Living with Generalised Anxiety Disorder, Obsessive Compulsive Disorder and Panic Disorder, is a daunting and overwhelming experience. It feels like your mind is constantly racing, and you have no control over your thoughts or emotions. It can feel like you are drowning in an ocean of negative thoughts, and there is no way to come up for air. The fear of being judged or misunderstood by society, friends, or even family members made it even more challenging to cope with; it was exhausting to be constantly feeling that way, and it made me feel like I was a failure. Generalised Anxiety Disorder is characterised by excessive worry and fear about everyday situations. I would often find it very difficult to control the anxiety, which would have a significant impact on my daily life. For me, this often meant avoiding certain situations, such as social gatherings or work events.
Obsessive-Compulsive Disorder is another mental health issue that affects many men. OCD is characterised by unwanted and intrusive thoughts or behaviours that are often irrational. I would often feel like I was losing control, which was very scary and frustrating. For me, OCD manifested in obsessive thoughts about checking doors and windows to make sure they were locked, intense stress when objects aren’t orderly or facing a certain way. Intrusive images of driving my car off the motorway at 70mph! Repeating scenarios in my head over and over again and not being able to control the outcome. Repetitive images, words and numbers. It was a constant battle to control my thoughts and actions, and it made me feel like I was going crazy.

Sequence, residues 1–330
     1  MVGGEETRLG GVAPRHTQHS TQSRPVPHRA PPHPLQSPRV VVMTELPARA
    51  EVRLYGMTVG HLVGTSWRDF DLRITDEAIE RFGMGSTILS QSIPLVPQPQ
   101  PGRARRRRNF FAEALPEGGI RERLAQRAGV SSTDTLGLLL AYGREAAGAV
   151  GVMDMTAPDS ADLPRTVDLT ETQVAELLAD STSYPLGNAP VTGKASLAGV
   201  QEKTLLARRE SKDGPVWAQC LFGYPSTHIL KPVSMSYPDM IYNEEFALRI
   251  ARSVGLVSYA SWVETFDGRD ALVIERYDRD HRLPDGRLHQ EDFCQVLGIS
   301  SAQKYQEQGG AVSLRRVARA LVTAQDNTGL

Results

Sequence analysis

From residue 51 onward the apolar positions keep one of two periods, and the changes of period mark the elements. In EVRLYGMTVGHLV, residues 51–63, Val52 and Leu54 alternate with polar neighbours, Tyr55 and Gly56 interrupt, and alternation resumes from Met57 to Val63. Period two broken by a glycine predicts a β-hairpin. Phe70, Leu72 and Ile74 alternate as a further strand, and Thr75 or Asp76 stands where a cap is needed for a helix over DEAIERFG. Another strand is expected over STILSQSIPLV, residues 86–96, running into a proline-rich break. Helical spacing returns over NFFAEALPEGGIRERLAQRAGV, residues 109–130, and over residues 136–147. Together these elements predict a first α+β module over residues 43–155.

Panic disorder is another mental health issue that affects many men. Panic disorder is characterised by sudden and intense episodes of fear and anxiety, which manifest themselves as panic attacks. Having a panic attack would feel like I was having a heart attack, which was absolutely terrifying. For me, panic attacks were a regular occurrence, and they often happened at the most inconvenient times, such as during a meeting at work. It was humiliating to feel like I was losing control in front of others.
These disorders can take a significant toll on a person’s life. It can be challenging to maintain relationships or keep up with daily responsibilities. Anxiety, fear, and panic attacks can make it difficult to leave the house or engage in social activities. Men with mental health issues may struggle to find the motivation to take care of themselves, including eating healthily, exercising, or maintaining personal hygiene. This can lead to a negative cycle of self-doubt and self-criticism, which can make the mental health challenges even more overwhelming.
That initial step of admitting that I needed help was not easy for me. I have always been someone who values his independence and self-reliance, and I didn’t want to appear weak or vulnerable in front of others. But after many years of struggling, I finally recognised that I needed to take action. I still face these immense challenges on a daily basis, and it is a struggle that can feel like an endless battle. However, I have learned valuable lessons from these challenges, such as the importance of seeking help and support. The stigma associated with mental health must be eliminated so that men can feel comfortable coming forward and seeking the help they need. The message to all men is this: you are not alone, and it is okay to seek help.